Gaussian Sketching yields a JL Lemma in RKHS
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Proceedings of the Twenty Third International Conference on Artificial Intelligence and Statistics, PMLR 108:39283937, 2020.
Abstract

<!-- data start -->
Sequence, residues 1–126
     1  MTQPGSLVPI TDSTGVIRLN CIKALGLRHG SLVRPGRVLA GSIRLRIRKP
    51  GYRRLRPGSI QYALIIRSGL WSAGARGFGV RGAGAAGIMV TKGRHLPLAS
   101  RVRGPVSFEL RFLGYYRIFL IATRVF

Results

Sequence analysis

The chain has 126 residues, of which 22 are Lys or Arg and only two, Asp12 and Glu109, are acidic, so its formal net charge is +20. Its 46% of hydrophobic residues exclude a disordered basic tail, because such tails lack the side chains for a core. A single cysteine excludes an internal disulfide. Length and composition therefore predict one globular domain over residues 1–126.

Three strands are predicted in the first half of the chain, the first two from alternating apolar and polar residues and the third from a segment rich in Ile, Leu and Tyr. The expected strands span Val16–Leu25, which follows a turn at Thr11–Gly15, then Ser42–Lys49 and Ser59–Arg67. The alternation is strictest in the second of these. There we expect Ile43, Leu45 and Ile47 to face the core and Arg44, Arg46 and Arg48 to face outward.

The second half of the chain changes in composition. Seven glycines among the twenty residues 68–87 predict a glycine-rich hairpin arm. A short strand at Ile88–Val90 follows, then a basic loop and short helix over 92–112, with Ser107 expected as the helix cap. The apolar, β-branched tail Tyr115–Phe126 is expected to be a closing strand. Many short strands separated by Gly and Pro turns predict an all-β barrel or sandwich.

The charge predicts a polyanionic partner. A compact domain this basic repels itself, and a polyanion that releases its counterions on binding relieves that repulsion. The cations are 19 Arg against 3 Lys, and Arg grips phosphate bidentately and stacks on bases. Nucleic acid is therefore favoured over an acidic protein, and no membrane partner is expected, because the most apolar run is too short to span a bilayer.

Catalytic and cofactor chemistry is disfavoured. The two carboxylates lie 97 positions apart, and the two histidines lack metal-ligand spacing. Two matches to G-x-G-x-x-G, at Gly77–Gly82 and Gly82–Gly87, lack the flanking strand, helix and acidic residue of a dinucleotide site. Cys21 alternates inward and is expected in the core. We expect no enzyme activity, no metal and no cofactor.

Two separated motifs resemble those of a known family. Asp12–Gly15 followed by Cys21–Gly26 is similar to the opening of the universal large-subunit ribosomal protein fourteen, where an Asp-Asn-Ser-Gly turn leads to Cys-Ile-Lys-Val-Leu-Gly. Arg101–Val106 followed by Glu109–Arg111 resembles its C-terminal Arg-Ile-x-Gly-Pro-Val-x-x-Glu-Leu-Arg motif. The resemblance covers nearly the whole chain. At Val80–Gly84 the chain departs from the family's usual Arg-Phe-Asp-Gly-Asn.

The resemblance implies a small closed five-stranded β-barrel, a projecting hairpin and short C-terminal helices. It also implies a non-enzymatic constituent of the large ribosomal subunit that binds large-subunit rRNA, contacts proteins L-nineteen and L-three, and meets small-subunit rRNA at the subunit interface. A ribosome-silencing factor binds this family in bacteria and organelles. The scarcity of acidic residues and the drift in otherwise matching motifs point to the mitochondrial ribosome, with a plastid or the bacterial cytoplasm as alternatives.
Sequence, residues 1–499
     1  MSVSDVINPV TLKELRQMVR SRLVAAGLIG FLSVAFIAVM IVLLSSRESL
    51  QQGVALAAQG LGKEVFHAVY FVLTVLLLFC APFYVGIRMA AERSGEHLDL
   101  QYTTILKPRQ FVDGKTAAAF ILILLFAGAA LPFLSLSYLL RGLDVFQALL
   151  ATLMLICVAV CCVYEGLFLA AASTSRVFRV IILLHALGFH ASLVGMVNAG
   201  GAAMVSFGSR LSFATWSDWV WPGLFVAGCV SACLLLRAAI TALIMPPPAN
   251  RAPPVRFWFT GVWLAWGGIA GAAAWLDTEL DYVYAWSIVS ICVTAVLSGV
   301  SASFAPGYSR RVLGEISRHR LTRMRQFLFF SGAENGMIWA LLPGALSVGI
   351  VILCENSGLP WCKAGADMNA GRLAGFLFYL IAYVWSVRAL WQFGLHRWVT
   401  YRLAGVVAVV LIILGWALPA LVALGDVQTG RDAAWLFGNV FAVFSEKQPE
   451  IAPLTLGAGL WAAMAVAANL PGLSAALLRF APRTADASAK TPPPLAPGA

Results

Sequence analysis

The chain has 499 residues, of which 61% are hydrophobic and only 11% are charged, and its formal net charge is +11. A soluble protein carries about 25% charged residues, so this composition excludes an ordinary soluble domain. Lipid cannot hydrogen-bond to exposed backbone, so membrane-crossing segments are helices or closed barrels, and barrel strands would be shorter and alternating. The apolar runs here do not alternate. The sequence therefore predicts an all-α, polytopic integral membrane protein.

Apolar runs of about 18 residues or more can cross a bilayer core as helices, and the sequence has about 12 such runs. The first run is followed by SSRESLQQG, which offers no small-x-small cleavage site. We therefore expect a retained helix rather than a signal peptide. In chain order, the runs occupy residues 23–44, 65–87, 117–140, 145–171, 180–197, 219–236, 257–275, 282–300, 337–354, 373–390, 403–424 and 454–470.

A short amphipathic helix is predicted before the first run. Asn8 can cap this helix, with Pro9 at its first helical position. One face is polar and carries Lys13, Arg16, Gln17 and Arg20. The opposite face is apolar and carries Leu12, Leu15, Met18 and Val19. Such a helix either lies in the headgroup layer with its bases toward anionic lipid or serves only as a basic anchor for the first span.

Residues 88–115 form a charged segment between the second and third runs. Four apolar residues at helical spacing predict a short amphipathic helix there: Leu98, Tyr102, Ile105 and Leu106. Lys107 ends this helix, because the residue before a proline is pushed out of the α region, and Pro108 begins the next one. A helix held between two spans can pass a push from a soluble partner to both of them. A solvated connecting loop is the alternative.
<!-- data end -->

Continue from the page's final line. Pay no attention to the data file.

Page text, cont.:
The main contribution of the paper is to show that Gaussian sketching of a kernelGram matrix $\bm K$ yields an operator whose counterpart in an RKHS $\cal H$, is a \emph{random projection} operator—in the spirit of JohnsonLindenstrauss (JL) lemma. To be precise, given a random matrix $Z$ with i.i.d. Gaussian entries, we show that a sketch $Z\bm{K}$ corresponds to a particular random operator in (infinitedimensional) Hilbert space $\cal H$ that maps functions $f \in \cal H$ to a lowdimensional space $\bb R^d$, while preserving a weighted RKHS innerproduct of the form $⟨f, g \rangle_{\Sigma} \doteq ⟨f, \Sigma^3 g \rangle_{\cal H}$, where $\Sigma$ is the \emph{covariance} operator induced by the data distribution. In particular, under similar assumptions as in kernel PCA (KPCA), or kernel $k$means (K$k$means), wellseparated subsets of featurespace $\{K(\cdot, x): x \in \cal X\}$ remain wellseparated after such operation, which suggests similar benefits as in KPCA and/or K$k$means, albeit at the much cheaper cost of a random projection. In particular, our convergence rates suggest that, given a large dataset $\{X_i\}_{i=1}^N$ of size $N$, we can build the Gram matrix $\bm K$ on a much smaller subsample of size $n\ll N$, so that the sketch $Z\bm K$ is very cheap to obtain and subsequently apply as a projection operator on the original data $\{X_i\}_{i=1}^N$. We verify these insights empirically on synthetic data, and on realworld clustering applications.
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